With lush emerald spires and majestic 4,000-foot cliffs, it is no surprise that the Napali Coast is one of the crown jewels of Kaua’i.
Polihale is the beginning of this precious jewel.
With its long stretch of white sandy beach seamlessly colliding into the beautiful cliffs of the Napali Coast, plus a rich history rooted in the culture of Kaua’i, it’s no wonder this special place is so popular among locals and visitors.
Stretching around fifteen miles, Polihale is one of the longest white sand beaches in the state of Hawai’i. The beach is also considered one of the widest beaches in Hawai’i reaching up to 300 feet during summer months and sand dunes reaching up to 100 feet tall. Locals love to make their way down to this amazing place to unwind and enjoy some much needed vitamin “sea”.
Polihale is only accessible via a five-mile unpaved road that is often rough and damaging to vehicles. Many car rental companies strictly prohibit voyaging to this area due to the treacherous road conditions that often require four-wheel drive. Be sure to check the restrictions on your agreement before venturing to this secluded area.
Conditions vary significantly during the year, waves can reach over 30 feet in the winter months (Oct-Mar) while in the summer (Apr-Sep) it can be as calm as a lake. Depending on the conditions, it is a popular place for swimming, surfing, body boarding, boogie boarding, fishing, kayaking and boating. Entering the water is done at your own risk, there are no lifeguards, strong shore-break and hidden rip currents. Know your limits, and when in doubt – don’t go out. Instead, enjoy the beach for sunbathing, shell hunting, long walks, epic sunsets, and spectacular star-gazing.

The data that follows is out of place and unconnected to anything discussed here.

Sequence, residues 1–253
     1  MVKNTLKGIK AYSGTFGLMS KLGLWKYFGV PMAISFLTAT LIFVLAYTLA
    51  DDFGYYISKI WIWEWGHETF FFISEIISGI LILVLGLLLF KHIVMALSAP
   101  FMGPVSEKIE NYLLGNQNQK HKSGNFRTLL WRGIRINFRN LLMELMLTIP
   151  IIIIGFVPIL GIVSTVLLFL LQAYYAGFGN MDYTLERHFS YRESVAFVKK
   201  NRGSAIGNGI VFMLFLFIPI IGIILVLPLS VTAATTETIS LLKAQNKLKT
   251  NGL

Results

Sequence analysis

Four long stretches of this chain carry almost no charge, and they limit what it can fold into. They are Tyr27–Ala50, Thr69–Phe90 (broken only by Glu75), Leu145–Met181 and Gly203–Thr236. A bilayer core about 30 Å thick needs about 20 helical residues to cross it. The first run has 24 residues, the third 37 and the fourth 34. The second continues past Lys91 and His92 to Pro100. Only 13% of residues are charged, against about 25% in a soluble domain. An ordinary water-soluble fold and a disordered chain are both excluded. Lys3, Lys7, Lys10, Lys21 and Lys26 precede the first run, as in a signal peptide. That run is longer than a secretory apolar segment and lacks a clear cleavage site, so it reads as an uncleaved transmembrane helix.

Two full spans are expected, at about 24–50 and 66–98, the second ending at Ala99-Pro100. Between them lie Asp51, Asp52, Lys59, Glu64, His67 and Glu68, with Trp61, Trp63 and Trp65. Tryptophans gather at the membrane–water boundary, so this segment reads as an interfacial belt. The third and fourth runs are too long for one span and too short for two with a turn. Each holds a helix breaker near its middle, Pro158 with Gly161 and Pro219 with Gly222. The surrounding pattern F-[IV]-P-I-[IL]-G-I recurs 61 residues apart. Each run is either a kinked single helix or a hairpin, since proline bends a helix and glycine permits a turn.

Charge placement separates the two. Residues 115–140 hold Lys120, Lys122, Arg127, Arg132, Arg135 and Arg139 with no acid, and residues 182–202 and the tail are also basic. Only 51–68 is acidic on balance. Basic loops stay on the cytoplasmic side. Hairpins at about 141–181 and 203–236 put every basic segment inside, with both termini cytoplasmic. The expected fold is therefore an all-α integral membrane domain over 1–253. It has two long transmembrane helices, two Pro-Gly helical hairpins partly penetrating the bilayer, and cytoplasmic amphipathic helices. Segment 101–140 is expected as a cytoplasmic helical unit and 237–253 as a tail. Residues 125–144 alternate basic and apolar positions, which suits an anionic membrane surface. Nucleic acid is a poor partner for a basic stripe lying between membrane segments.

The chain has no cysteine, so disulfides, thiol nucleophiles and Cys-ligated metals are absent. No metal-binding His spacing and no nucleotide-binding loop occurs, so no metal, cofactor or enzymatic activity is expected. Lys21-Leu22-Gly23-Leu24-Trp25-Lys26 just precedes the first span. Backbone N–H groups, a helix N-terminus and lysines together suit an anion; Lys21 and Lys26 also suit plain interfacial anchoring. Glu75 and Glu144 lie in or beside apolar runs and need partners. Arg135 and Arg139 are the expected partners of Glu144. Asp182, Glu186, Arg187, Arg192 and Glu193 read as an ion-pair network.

Camping is allowed with permits, restrooms and showers are available as well as day-use pavilions; shade is important as this tends to be one of the hottest and driest beaches on the island. Be sure to bring everything you may need, including lots of water, as there are no supplies available past the town of Kekaha.
The heiau (sacred site) of Polihale is one of the oldest and most sacred on the island. This heiau bears the name of Chief Polihale, who built this heiau as the first home of Kane and Kanaloa. It was built as a “thank you” to these gods for answering his prayer.
Chief Polihale had a daughter, named Napihenui. One day, Napihenui attracted the attention of the first of the four Polynesian gods to come to Kaua’i, Ku. To be near Napihenui, he would take the form of a white dog. In this form, he would play with Napihenui and her maidens as they swam and bathed in a nearby pond. As his affection for Napihenui grew by the day, he asked Polihale for his daughter, but he refused. Enraged, Ku threatened to kill all residents one by one, until he received Napihenui’s hand in marriage. Using the form of a black dog, Ku started his assault on Polihale’s people. Desperate to even the playing field, Polihale prayed to Kane and Kanaloa. Answering his prayer, these two great gods came down in their mighty seagoing bird forms, defeating Ku.
The base of this structure is now covered by sand and the rest is overgrown with foliage. While the heiau may no longer be visible, this is a place that the people of Kaua’i hold near to their hearts, not only for it’s awe-inspiring beauty, but also its roots that run deep within the culture of Kaua’i.